Missouri Interscholastic Athletic Administrators Association (MIAAA) - Certification - Missouri Interscholastic Athletic Administrators Association (MIAAA) - Certification
Missouri Interscholastic Athletic Administrators Association



History of the Certification Program

Thomas Frederick, former associate executive director of the National Federation, conceived the concept of a voluntary certification program in 1984. In 1986 the NIAAA requested the Professional Development Committee to identify members for an Ad Hoc Committee to develop a certification program.

The NIAAA Certified Athletic Administrator (CAA) Program was implemented during the 1988-1989 school year. The first CAA exam was given on December 11, 1988 to 102 athletic administrators during the National Conference of High School Directors of Athletics held in Las Vegas, Nevada. Ninety-seven athletic administrators successfully completed the program. Since the inception of the program, approximately 2000 athletic administrators have received the CAA distinction.

The trend by national associations, societies and professions to offer voluntary certification programs to their members was one of the primary reasons for the development of the certification program for athletic administrators. Some of these certification programs have more stringent requirements than others, but all promise at least one thing: increased recognition of the recipient’s high professional standards and commitment to the profession.

The examination was intended to be the culmination of the certification process. In order to qualify for the examination, an individual had to make an application and complete a Personal Data Form (PDF).

From the development of the certification program, the NIAAA subsequently added the Certification Committee to the list of NIAAA standing committees. The original certification process is unchanged. Access to the certification process has been made easier through the use of alternate sites for the examination. Previously, the examination was given only at the National Conference or during the summer NIAAA Board Meeting.

The CAA program may well be one of the most exciting and challenging projects undertaken by the NIAAA. It certainly has helped to further recognize and even to elevate the status of the professional interscholastic athletic administrator.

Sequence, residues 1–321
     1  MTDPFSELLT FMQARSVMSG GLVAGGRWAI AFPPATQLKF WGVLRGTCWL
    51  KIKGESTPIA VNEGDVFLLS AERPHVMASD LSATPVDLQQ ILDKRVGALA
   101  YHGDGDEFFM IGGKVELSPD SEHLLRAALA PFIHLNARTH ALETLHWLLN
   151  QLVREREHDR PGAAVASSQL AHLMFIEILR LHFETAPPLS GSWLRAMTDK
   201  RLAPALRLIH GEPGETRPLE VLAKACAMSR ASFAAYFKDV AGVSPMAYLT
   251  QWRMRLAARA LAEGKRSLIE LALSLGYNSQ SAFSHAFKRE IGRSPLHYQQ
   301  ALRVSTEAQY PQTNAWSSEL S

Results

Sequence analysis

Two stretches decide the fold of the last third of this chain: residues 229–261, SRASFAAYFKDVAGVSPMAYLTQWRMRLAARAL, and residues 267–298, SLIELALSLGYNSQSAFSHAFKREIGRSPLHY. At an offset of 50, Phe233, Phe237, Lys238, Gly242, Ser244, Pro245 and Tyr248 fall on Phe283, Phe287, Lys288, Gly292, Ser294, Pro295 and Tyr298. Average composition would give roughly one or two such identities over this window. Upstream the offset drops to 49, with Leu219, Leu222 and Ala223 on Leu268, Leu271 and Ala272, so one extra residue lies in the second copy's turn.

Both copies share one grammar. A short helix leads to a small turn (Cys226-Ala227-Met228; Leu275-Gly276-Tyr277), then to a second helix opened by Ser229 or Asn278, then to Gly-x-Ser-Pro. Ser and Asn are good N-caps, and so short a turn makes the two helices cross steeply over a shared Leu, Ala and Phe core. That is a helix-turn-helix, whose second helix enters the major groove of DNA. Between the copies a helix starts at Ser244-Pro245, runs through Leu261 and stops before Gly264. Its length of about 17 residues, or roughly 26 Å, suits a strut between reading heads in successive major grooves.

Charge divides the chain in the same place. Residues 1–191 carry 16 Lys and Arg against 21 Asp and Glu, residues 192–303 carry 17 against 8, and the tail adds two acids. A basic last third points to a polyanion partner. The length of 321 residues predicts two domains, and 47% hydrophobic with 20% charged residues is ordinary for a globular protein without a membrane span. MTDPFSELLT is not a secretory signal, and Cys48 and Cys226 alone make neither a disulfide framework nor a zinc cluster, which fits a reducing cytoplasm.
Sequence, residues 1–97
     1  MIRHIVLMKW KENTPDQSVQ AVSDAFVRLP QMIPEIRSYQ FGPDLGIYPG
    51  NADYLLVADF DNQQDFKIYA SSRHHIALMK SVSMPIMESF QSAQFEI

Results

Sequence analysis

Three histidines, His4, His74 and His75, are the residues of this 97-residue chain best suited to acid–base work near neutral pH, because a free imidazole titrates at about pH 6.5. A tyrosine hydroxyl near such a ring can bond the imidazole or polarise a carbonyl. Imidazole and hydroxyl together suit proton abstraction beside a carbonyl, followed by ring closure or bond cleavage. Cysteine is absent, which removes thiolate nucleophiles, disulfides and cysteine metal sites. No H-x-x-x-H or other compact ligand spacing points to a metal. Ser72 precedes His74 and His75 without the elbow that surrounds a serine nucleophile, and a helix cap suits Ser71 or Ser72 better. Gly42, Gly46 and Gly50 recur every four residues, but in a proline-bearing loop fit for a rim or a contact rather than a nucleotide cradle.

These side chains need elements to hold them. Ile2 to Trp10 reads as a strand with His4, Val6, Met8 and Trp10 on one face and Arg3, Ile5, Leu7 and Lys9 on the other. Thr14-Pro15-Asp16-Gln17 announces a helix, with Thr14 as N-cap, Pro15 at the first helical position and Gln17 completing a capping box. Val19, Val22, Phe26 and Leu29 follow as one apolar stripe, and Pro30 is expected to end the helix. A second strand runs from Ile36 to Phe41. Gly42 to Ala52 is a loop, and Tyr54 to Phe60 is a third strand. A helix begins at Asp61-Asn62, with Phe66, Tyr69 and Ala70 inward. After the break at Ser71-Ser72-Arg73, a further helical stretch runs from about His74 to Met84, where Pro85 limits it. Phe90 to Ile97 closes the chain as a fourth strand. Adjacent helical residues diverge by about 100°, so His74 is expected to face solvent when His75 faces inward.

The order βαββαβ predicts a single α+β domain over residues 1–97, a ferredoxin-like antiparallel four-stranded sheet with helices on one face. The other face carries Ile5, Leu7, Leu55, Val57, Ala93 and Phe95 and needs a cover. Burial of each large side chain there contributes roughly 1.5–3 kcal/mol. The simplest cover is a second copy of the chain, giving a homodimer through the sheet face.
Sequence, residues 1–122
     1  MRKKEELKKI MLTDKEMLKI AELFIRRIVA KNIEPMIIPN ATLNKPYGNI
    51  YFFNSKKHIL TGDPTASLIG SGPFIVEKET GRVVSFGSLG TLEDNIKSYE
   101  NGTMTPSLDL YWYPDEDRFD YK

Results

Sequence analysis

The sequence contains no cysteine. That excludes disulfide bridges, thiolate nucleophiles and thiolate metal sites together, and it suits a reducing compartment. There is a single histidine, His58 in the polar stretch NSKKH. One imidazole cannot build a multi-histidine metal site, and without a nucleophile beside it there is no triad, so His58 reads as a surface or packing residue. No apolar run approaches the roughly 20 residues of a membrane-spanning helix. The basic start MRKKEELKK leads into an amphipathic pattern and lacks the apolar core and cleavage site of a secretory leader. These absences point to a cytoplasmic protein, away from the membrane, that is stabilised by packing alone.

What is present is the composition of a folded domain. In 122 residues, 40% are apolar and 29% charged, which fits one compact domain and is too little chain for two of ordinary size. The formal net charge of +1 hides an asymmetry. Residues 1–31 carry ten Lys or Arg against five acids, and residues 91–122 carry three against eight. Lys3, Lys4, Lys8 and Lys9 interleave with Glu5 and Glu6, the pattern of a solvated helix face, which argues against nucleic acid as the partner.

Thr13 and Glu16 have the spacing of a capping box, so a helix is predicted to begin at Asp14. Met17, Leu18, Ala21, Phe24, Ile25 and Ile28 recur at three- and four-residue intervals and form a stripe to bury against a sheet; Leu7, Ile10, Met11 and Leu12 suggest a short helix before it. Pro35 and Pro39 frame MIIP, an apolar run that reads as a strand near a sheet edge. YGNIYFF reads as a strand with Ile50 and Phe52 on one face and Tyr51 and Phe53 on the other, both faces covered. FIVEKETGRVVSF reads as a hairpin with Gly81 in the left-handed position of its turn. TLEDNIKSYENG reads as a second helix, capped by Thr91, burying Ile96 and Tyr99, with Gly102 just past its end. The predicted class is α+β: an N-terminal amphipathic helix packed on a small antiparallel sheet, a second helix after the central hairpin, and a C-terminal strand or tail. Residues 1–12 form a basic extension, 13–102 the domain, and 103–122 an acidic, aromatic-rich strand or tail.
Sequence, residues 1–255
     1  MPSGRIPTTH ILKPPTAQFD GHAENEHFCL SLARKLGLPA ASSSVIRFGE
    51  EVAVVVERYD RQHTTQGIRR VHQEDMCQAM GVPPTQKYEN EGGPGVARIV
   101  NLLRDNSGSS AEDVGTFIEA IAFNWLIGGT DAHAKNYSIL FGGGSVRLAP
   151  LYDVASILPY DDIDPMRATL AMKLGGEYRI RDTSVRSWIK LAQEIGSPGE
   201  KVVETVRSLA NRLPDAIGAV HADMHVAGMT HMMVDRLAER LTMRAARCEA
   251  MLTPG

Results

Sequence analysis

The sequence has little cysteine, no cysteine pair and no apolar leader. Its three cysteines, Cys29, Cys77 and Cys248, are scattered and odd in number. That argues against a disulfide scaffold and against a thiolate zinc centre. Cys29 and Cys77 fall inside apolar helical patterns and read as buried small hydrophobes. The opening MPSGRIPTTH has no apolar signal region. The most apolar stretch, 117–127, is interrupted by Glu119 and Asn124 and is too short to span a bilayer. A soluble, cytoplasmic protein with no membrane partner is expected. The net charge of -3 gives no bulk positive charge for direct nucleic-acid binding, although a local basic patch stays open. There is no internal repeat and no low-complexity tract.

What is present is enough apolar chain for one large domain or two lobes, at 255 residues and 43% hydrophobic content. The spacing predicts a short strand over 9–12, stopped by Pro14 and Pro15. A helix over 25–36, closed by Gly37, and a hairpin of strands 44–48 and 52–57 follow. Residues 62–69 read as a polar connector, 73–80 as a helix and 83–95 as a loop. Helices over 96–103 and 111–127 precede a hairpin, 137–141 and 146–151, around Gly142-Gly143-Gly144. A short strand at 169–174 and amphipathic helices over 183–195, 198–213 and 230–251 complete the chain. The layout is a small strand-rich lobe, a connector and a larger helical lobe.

The NIAAA joined the National Certification Commission in October 1995 in an effort to stay abreast of information pertinent to the CAA program on a national scope.

The NIAAA Board of Directors in 1999 approved two additional levels of certification in order to meet the wide range of opportunities for athletic administrators. The NIAAA will offer a Registered Athletic Administrator (RAA), Certified Athletic Administrator (CAA) and Certified Master Athletic Administrator (CMAA) beginning in the spring of 2000.

On October 26, 2001, Richard Jaffeson, Executive Director of the National Certification Commission informed Frank Kovaleski, then National Director of the NIAAA that the NCC had granted “full registration” to the NIAAA Certification Program.
Missouri Professional Certification

What does it mean to be a certified athletic administrator?

Certification means different things to different people. For some, it is an opportunity to have an edge to advance in your career. To others, it is a vehicle for continuing education requirements to be met or to advance in salary. For others, it may be an internal motivation for achievement…to step up to the plate and to lead by example in building your career and setting yourself apart from the competition by establishing for yourself a comprehensive plan for self improvement.

Missouri Professional Certification

Professional certification in Missouri and throughout the country can be attained thorough the NIAAA at three levels. These are: